An introduction to rdf and library linked data
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An introduction to RDF and library linked data. Gordon Dunsire Presented at the Dewey Decimal Classification Executive Briefing 15 Sep 2011, London. Semantic Web. “machine-readable metadata” Faster! 24/7/365! Global! In a standard machine- processable format

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An introduction to RDF and library linked data

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An introduction to RDF and library linked data

Gordon Dunsire

Presented at the Dewey Decimal Classification Executive Briefing

15 Sep 2011, London

Semantic Web

  • “machine-readable metadata”

    • Faster! 24/7/365! Global!

  • In a standard machine-processable format

    • Resource Description Framework (RDF)

  • RDF supports simple, single metadata statements known as triples

    • Each statement is in 3 parts

RDF triple

  • The title of this book is “Physics is fun”

    • Subject of the statement = Subject: This book

    • Nature of the statement = Predicate: (has) title

    • Value of the statement = Object: “Physics is fun”

  • This book – has title – “Physics is fun”

    • subject – predicate – object

  • This presentation – has author – Gordon Dunsire

  • This seminar – has subject – DDC:025.431


  • Need unambiguous way of identifying each part of the triple for efficient machine-processing

    • Human labels (“This book”, “has title”) no good

      • Same thing, different labels; different things, same label

  • Exploit the utility of the URL

    • Machine-readable, regular syntax, unambiguous, global

  • Uniform Resource Identifier (URI)

Uniform Resource Identifier

  • Can be any unique combination of numbers and letters

    • No intrinsic meaning; it’s just an identifying label

  • Can look like a URL


    • But does not lead to a Web page (in principle ...)

  • RDF requires the subject and predicate of triple to be URIs

    • Object can be a URI, or a literal string (“Physics is fun”)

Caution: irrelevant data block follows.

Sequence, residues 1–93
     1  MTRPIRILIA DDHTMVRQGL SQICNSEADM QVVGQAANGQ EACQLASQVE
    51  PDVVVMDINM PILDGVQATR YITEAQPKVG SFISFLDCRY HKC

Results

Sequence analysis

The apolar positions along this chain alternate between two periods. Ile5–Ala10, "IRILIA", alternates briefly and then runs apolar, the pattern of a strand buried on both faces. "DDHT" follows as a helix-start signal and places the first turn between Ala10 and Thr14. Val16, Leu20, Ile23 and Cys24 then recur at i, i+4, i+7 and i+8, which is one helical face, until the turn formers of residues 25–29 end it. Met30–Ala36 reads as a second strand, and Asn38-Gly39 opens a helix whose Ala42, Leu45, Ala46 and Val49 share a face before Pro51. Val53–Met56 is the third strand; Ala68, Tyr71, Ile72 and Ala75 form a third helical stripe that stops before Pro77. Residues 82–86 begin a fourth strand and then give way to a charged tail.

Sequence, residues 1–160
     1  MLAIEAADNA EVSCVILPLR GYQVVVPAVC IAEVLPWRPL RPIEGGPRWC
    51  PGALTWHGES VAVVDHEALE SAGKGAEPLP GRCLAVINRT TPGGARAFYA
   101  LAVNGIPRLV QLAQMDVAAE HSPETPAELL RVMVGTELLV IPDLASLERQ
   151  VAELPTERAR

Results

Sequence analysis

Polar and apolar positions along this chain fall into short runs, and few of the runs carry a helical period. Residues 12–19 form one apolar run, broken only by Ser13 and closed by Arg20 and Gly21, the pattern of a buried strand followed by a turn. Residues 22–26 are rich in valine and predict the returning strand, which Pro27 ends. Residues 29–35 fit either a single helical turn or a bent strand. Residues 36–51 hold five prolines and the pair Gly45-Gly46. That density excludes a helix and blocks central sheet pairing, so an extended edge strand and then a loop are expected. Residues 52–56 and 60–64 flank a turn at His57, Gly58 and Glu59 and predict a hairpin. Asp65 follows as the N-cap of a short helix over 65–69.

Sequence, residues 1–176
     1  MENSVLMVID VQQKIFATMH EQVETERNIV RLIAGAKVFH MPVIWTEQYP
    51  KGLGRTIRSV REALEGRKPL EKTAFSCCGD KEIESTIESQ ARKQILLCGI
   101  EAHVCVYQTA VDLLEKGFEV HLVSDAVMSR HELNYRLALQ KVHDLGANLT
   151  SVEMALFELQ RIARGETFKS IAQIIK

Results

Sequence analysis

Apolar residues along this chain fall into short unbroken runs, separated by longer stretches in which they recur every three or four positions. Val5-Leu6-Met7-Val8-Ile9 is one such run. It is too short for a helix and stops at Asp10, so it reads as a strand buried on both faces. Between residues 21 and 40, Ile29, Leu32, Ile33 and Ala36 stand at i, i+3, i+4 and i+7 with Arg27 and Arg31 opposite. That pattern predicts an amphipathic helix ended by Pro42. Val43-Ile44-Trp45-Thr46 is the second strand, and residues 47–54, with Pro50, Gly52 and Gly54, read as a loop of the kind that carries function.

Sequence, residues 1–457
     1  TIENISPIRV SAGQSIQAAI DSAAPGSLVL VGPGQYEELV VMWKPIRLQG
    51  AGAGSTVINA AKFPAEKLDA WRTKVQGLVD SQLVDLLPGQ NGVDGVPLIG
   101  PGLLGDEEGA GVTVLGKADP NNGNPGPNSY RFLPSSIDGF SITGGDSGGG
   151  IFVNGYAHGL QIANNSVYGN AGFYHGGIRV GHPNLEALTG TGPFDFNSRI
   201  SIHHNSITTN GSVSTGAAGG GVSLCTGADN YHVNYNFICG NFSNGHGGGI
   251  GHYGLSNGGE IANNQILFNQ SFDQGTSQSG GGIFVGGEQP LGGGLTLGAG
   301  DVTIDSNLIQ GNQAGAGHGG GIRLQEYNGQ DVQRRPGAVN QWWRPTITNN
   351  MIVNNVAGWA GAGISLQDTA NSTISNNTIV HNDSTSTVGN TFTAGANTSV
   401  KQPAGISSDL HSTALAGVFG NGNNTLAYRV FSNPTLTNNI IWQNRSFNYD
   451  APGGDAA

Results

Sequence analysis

Identifying library metadata

  • Represent library schema attributes and relationships as RDF properties (= predicates)

    • Each property has own URI (from namespace)

      • Resource Description and Access (RDA), International Standard Bibliographic Description (ISBD), Functional Requirements for Bibliographic Records (FRBR), etc.

  • Assign URIs to specific library resources

    • The things described in catalogues

      • Books, a-v materials, digital resources, etc.

    • The terms used to describe them

      • Vocabularies, subject headings, classifications, etc.



“Physics is fun”










“Jardine, Jim”



has author

This book

“Physics is fun”

has title

Jim Jardine






“Physics is fun”






This book


“Physics is fun”




Jim Jardine



“Jardine, Jim”

Place X

normalised name

Library linked data in RDF

  • Machine-match URIs of triple subjects to obtain set of statements about one thing

    • A “record” for that thing

      • Information resource or something associated with it

  • Machine-match object URI of one triple to subject URI of another to obtain chain of connected statements

    • Linked data chain can lead to data from outside of library community

Benefits of linked data to libraries

  • Use of data created and maintained by others

    • Global scale

  • Sharing of high-quality metadata created by libraries (trillions of triples)

    • Bibliographic records; authority files

  • Statement-level granularity allows flexible display of metadata to suit user requirements

  • Chains go both ways, leading users from external environments to library collections

Thank you

  • W3C Library Linked Data Incubator Group

    • Final report available via wiki:


  • [email protected]

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